“I just felt like it was a better fit for me here,” Powers said. “It was close to home, and I really felt that coach Winger’s straightforward style of communicating suited me best.”

Although he came to BG already quite familiar with both the University and the coach, the transition to college golf was not as simple.

Powers had won his fair share of tournaments in high school employing a go-for-broke style in which he simply mashed a driver as long as possible and fired at flagsticks with what was routinely a short-iron in hand.

Powers soon discovered that such an aggressive approach would not translate to the college game, where the courses are longer and narrower and the competition better.

“I was a little overwhelmed during my first semester,” Powers said “I could not score consistently because my course management was just awful. I realized that I needed focus on my decision-making a lot more than I had in the past if I was to have the kind of success I knew I was capable of.”

Things began to swing in Powers’ favor that spring. In his first two times out, he saw progressive improvement, finishing 32nd at Eastern Kentucky and 14th at Marshall. Three weeks later, Powers put it all together, rallying from a six-stroke deficit at the beginning of the final round to win the University of Dayton Spring Invitational by a single stroke.

“Everything just broke well for me that week,” Powers said. “I was finally able to put the ball in the fairway consistently, which made a world of difference for me.”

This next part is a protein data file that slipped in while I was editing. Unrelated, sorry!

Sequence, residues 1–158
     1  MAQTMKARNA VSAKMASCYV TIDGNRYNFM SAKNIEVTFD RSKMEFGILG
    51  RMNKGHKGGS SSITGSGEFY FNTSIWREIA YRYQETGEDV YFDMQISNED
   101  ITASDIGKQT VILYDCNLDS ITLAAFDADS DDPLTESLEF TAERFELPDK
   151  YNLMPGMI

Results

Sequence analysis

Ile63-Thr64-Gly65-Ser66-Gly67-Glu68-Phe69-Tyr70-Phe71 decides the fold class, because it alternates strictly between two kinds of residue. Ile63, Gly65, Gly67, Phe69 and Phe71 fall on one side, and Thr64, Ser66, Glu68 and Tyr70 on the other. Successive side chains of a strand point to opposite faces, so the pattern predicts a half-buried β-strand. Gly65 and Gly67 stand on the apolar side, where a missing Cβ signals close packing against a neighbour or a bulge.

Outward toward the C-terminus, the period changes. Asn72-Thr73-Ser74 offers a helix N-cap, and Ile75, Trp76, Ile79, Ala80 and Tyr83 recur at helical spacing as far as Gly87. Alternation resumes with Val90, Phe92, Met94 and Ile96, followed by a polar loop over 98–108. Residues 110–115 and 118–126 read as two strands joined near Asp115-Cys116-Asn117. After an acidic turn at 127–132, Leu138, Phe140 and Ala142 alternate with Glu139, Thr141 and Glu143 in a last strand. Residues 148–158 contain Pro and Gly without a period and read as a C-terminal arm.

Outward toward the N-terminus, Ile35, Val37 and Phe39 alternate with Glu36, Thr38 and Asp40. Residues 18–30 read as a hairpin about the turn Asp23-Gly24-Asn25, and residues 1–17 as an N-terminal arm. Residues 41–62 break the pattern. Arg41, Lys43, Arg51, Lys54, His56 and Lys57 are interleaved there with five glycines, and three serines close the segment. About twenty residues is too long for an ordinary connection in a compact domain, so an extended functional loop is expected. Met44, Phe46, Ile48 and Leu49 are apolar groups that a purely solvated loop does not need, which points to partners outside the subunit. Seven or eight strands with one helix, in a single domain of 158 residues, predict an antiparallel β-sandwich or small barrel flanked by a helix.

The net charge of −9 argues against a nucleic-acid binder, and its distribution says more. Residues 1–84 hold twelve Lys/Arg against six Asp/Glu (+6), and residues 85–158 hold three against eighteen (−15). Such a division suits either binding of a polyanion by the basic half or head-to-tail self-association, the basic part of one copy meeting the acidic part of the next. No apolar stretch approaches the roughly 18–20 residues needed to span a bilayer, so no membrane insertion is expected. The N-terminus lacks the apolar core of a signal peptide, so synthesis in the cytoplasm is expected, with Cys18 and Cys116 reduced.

Throughout the course of the last 2 1/2 years, Powers has developed into a stalwart for Winger and the Falcons, averaging 74.89 during his sophomore and junior seasons. He is the type of player who can always be counted on to put up a solid score, nothing really too flashy, but nothing too damaging either, which Winger says is most important.

“I don’t remember John really shooting a lot of bad scores over his career,” Winger said. “He is almost always there when we need him. His course-management has improved a ton since he came here.”

After a flare-up of his driving ills caused a string of disappointing finishes to close out last fall, Powers diligently attacked the problem during the winter, going through hours of repetition in hope of grooving his swing precisely the way he wanted. The pay-off this spring was immediate: a sixth-place finish at the season-opening Palmas Del Mar in Puerto Rico, and confidence that the last semester of his Falcon career will be a memorable one.

“This was the first time that John really got to put in a lot of work during the winter,” Winger said. “Last winter he was sidelined with a broken wrist, and before that we did not have our indoor facility, so he really couldn’t work on his game the way he wanted.”

For Winger, to see someone who he watched grow up before his eyes mature into the model of dependability and consistency as a senior has to be nothing short of gratifying.

The 10th-year coach summed his senior’s impact on the program this way.

“Guys like John make my job a whole lot easier,” Winger said. “I lean heavily on him for a lot of things. I can’t always be with the team, but he does a great job of taking charge and making sure everybody is getting all the work in that they need. He has really been a terrific asset to this program.”